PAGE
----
Forum Theatre is an innovative tool to help change the social norms and cultural practices that fuel inequality. It is a dynamic and successful component of Oxfam’s Creating Spaces project to end violence against women and girls in Nepal.
In many communities, men hold power over women and women are not aware of their rights. Through the Creating Spaces project, Oxfam in Nepal is working with local partners to help women and their families prevent and overcome violence in their lives, including child and early forced marriage.
What’s the purpose of Forum Theatre and how does it work?
Forum Theatre is an interactive experience used to share information and engage the community in a two-way communication approach to social transformation. It does this by performing a play on a certain theme of the Creating Spaces project, such as gender equality, healthy relationships, societal roles, and gender-based violence, including domestic violence and child, early and forced marriage.
The artists of the Forum Theatre perform the play and pause it in a situation when a problem arises. To help the play continue, the audience is asked, ‘What can be done to overcome the difficulty or challenge?’ After offering ways to solve the problem, audience members are invited to go act in the play using their suggestions. The goal is to change the mind of the play’s antagonist. The Forum Theatre ends when a way of overcoming the problem given by the audience is accepted by the antagonist.
Forum Theatre has proven to be a powerful way to create awareness on specific themes and topics within communities – and through participating in the play or as part of the audience – helps create change. This approach is unique in its interactive nature and not just one-way communication with the audience. Oxfam Nepal has been using Forum Theatre as a tool for social change and social mobilization for more than five years and has achieve positive impacts on many programs.
Who participates in the theatre and how do people find out about it?
People from the community make up the audience, who also participate in the play.
Oxfam and a local partner organization select and develop the artists over a rigorous two-week residential training program. Over those two weeks, the Forum Theatre group work on their skills and develop a play based on a theme related to gender-based violence and child, early and forced marriage.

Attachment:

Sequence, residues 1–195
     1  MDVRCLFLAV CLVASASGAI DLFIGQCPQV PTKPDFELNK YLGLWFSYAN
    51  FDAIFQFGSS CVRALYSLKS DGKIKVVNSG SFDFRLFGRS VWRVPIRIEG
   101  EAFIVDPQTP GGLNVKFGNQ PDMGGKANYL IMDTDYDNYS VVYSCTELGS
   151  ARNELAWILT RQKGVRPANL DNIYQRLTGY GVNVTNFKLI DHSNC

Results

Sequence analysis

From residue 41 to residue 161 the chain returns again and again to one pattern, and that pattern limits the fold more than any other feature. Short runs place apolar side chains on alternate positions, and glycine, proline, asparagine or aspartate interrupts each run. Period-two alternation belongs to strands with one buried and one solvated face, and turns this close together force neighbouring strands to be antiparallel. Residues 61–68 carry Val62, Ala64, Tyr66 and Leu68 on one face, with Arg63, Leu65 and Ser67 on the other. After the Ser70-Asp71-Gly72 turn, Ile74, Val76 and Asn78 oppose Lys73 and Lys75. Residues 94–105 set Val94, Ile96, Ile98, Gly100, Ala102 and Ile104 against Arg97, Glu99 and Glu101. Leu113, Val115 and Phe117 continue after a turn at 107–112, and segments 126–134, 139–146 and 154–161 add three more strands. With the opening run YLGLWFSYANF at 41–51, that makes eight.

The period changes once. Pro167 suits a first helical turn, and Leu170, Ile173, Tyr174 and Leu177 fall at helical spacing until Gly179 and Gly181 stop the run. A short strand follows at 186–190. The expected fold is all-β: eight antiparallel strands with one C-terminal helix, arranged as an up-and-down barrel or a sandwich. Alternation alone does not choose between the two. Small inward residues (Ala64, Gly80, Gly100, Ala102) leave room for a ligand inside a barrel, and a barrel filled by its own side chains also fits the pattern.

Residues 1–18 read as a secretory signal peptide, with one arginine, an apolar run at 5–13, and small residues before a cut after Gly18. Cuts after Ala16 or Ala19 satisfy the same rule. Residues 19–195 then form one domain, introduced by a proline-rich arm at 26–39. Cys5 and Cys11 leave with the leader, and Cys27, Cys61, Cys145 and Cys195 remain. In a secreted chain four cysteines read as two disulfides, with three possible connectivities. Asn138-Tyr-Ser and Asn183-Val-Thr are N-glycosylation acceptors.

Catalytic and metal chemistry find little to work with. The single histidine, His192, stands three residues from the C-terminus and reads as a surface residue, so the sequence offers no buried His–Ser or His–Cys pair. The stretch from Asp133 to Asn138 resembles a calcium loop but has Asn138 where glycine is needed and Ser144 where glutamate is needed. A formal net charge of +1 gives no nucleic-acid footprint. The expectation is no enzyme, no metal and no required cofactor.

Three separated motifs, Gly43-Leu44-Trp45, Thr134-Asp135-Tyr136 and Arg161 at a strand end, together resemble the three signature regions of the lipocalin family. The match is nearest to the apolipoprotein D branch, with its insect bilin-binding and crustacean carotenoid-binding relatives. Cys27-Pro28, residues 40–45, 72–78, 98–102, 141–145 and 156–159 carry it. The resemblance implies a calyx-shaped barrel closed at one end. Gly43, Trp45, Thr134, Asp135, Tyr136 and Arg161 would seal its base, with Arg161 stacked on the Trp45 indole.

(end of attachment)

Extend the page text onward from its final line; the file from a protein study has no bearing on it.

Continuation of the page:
Once they complete the two-week training, the artists, under the guidance of partner organizations, go back to their respective communities and perform the Forum Theatre. Promotions take place in the communities to inform when the Forum Theatre performances will be happening and to invite the community to watch and participate in the performance.
What are the most compelling outcomes of the Forum Theatre program?
Through its interactive experience format, Forum Theatre is helping men, women, families and entire communities think differently about violence. It has encouraged people to express their feelings, experiences and opinions in a way that has brought tangible changes to their lives.
In addition to helping participants, the Forum Theatre artists have said that by being an artist, they have had positive transformations in their own lives. They’ve been able to build confidence in themselves by getting recognition from the community, as well as improve their social mobilization skills. Artists become leaders in their community and an example to the younger generation for social change.
More than 58 cases of child marriages have been stopped in Banke, Rautahat, Baitadi, and Dailekh districts of Nepal, and violence against women and girls is reduced. We work with everyone in communities - women, men, authorities, teachers, religious leaders - to build a safe and just world where women and girls are in control of their lives and live free from violence.
Are there other projects that use theatre?
Oxfam has a long history of using theatre and interactive performances to engage communities. In Kutupalong refugee camp in Bangladesh, a play was devised to teach children and parents good hygiene practice, including the importance of washing hands with soap, in order to prevent the spread of life-threatening diseases. Rohingya children have fun helping to make the giant puppets of germs, flies and poo which are used by the actors to demonstrate how flies transfer bacteria.